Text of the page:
What You'll Find at the End of the Long Winding Road

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Jet-black sand glitters against bright blue waters near emerald hills wearing lacy white crowns of mist in “Heavenly Hana,” the nickname of this tranquil region of East Maui since the 1940s. Its main draws for sightseers are the caves, tidepools and rugged shoreline of Waianapanapa State Park; Piilanihale Heiau, thought to be the largest such stone temple in Polynesia and now part of verdant Kahanu Garden; and the waterfalls and natural pools of the Kipahulu District of Haleakala National Park.

Beachgoers will also appreciate the soft gray sand at half-moon Hamoa Beach, “a beach so perfectly formed that I wonder at its comparative obscurity,” James Michener wrote, and the reddish sand of Koki Beach, where it’s better to watch from shore as local surfers ply its rougher waters. In town, hike up a 500-foot hill past grazing cattle to the landmark Fagan’s Cross for compelling ocean views.

Those who aren’t simply day-trippers on the winding, wonder-filled  52-mile Road to Hana will find heavenly lodgings at Hana-Maui Resort. Now managed by Hyatt, the only full-service hotel in the region is renowned for its seaside bungalows, rich activities program and serene spa. Other than the resort’s signature restaurant, sit-down dining options are scarce, but food trucks and roadside stands make the most of the local agricultural bounty.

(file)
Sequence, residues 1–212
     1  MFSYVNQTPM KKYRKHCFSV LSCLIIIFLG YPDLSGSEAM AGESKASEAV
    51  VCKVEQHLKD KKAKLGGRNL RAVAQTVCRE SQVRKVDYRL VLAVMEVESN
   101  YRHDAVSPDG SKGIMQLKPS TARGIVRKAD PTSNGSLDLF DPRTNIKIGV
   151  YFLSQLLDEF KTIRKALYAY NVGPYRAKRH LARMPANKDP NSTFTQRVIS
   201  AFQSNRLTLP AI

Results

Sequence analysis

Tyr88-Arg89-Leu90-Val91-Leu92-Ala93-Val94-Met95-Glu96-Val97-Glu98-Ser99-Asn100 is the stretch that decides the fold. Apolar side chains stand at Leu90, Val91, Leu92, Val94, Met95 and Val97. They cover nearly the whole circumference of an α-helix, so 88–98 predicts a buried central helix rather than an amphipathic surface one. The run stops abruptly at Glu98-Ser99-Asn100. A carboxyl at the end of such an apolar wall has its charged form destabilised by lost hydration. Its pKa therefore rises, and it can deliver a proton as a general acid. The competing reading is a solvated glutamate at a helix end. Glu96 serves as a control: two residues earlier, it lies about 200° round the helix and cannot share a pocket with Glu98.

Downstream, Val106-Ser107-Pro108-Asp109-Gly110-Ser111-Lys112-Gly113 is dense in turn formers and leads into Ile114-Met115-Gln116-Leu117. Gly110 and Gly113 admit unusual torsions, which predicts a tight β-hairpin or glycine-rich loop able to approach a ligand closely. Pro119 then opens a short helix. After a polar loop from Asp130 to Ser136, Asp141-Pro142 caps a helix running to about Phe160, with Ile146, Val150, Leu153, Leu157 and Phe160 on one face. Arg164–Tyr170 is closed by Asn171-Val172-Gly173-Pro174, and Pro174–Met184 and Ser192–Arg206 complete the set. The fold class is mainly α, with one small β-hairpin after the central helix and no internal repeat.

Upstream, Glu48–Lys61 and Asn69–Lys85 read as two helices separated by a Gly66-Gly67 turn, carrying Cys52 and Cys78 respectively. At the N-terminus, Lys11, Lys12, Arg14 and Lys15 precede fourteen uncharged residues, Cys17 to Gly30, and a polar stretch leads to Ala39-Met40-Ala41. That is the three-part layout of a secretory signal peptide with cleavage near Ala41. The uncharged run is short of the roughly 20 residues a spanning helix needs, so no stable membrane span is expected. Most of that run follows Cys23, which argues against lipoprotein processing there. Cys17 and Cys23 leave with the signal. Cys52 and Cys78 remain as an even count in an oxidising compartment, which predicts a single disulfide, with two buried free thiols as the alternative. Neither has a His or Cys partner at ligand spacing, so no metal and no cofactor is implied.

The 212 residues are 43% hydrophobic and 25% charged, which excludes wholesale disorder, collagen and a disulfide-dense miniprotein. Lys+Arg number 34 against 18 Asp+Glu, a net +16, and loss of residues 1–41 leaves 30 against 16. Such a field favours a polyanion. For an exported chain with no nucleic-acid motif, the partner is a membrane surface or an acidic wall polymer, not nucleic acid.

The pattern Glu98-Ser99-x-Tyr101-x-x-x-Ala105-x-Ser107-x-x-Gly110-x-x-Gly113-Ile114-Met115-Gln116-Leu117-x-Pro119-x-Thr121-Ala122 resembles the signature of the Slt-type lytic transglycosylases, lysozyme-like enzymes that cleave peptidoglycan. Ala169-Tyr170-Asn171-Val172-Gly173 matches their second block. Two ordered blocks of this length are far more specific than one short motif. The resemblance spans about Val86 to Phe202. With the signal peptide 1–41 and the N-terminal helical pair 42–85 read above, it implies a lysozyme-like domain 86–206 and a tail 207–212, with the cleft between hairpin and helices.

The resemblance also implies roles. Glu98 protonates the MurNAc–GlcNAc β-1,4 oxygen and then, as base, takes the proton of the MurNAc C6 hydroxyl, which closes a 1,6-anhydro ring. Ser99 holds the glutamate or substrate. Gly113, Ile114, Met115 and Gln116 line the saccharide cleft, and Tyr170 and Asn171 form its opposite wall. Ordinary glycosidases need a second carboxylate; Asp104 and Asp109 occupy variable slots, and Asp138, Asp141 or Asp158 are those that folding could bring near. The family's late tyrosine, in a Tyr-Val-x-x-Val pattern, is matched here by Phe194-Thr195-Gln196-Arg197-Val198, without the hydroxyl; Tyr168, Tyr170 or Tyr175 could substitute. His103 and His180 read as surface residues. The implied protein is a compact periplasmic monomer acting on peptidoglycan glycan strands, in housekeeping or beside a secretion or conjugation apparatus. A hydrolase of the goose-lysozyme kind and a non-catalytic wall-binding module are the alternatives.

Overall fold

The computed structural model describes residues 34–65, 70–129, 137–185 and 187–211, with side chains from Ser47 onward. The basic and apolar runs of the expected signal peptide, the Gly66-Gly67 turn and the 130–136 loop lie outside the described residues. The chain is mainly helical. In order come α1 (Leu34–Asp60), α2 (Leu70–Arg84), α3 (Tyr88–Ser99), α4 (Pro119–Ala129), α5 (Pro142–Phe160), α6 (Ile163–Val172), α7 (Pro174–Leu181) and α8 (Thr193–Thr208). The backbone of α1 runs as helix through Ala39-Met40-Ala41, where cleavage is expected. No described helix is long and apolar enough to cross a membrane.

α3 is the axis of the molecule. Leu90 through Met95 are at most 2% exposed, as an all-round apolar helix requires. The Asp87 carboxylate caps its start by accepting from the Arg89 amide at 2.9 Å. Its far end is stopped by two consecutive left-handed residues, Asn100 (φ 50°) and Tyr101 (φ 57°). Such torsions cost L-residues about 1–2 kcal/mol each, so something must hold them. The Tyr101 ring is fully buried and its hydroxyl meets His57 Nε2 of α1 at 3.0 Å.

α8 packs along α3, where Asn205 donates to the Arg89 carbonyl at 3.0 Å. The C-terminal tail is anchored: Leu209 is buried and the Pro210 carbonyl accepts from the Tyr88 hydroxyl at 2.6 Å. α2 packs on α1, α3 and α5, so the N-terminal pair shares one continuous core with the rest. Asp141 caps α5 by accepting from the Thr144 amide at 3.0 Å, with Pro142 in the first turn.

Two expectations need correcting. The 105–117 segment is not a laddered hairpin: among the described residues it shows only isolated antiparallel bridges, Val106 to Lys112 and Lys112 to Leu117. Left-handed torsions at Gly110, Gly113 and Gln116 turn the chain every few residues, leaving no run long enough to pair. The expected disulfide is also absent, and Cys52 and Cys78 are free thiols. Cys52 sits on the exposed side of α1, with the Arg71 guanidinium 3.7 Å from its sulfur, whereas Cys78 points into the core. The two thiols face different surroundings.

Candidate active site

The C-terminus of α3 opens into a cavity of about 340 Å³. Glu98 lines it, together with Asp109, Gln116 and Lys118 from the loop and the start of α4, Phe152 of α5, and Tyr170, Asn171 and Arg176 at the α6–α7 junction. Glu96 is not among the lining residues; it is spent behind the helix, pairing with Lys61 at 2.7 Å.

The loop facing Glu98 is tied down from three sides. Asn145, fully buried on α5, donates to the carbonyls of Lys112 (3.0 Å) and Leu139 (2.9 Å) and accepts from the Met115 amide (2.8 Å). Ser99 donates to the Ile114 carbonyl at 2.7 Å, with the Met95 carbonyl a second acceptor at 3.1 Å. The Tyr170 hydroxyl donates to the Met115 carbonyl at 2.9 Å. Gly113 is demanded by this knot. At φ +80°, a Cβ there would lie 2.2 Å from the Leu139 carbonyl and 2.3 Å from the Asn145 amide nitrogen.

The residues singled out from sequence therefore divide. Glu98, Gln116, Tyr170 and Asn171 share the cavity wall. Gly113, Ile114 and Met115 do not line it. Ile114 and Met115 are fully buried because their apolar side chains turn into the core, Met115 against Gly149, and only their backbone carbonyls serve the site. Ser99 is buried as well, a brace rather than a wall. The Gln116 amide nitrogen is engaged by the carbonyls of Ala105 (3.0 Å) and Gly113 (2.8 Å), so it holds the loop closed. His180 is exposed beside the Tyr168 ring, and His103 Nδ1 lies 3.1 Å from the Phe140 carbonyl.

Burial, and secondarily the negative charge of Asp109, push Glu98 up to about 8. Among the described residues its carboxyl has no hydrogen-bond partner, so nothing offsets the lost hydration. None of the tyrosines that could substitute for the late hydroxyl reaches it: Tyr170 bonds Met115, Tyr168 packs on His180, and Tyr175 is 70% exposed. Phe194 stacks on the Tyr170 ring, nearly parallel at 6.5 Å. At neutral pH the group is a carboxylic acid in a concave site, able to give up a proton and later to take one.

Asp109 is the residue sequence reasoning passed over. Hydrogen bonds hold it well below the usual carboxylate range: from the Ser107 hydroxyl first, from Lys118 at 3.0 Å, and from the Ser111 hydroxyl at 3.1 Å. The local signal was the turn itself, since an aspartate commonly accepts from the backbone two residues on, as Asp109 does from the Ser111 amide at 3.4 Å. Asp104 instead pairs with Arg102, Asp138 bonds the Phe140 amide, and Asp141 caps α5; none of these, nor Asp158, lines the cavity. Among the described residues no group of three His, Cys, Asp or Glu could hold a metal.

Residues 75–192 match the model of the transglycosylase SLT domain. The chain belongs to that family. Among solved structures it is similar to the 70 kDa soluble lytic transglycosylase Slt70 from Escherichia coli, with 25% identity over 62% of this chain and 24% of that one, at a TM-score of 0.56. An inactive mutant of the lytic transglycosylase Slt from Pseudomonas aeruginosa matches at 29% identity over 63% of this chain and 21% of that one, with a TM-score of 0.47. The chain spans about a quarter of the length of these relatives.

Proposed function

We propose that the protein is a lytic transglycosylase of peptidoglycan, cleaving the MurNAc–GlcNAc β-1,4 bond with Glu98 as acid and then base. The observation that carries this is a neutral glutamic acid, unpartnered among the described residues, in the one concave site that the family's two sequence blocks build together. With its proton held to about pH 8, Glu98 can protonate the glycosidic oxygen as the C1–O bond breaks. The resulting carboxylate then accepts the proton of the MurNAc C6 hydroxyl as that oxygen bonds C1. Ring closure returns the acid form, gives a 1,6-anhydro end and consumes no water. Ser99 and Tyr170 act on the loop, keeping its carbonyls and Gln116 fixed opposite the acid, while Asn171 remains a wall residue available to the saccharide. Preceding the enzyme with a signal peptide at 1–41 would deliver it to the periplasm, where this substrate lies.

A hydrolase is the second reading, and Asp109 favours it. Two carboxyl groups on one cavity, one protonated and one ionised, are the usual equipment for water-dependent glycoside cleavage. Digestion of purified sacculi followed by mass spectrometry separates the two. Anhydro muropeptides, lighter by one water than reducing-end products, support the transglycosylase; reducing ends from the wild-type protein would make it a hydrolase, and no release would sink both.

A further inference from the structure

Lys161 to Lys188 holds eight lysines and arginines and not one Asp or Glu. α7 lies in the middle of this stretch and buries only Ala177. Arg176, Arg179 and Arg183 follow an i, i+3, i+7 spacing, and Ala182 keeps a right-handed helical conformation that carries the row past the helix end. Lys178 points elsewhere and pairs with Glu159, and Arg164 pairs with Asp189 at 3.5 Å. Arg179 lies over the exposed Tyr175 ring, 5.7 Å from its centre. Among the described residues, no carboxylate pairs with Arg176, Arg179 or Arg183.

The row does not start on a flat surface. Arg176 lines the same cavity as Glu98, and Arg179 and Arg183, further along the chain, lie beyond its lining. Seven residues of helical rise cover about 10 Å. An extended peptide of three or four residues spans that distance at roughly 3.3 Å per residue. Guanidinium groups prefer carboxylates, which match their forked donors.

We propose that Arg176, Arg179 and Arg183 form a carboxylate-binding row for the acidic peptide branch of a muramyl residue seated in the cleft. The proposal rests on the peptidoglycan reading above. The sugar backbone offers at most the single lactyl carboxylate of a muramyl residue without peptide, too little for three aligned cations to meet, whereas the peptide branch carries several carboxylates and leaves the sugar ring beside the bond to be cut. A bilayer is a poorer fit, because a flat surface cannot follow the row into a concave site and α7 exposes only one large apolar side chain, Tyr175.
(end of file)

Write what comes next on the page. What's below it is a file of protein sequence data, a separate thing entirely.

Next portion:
History: Hana (Hāna, pronounced haah-nuh) has a large population of Native Hawaiians, some growing taro and throw-net fishing just like the generations before them. Cattle have grazed at Hana Ranch on former sugarcane fields since the 1940s, when founder Paul Fagan also created what became the Hotel Hana-Maui (now Hana-Maui Resort).

Queen Kaahumanu, favorite wife of King Kamehameha the Great, was born nearby, in a cave on the cinder cone Puu Kauiki. After the king’s death in 1819, Kaahumanu became a powerful leader in her own right, ultimately ending the kapu (taboo) system and embracing the Christian faith of missionaries who arrived in 1820.

PC: Hawaii Islander

What To Do In Hana

Where To Stay in Hana

Hana's Annual Events

APRIL: The Annual East Maui Taro Festival celebrates and honors the Taro, a staple of Hawaiian diet, by educating locals and tourists during a festive one-day cultural event. Activities center around the Taro and food booths feature Taro as part of the meal. The festival also includes Hula, music, crafts and more.

SEPTEMBER: Eager to make your vacation a little more active? Grab a team of six and sign up to run in the 52 mile Hana Relay Marathon. The annual event challenges locals and tourists alike to run and compete for awards. After running through paradise, enjoy live music and food at the finish line.

OCTOBER: Aloha Week in Hana is packed with celebrations from daily events such as parades to activities such as contests and crafts. Take a look at the schedule and take advantage of the fun and festive week. 

You so deserve a vacation. 

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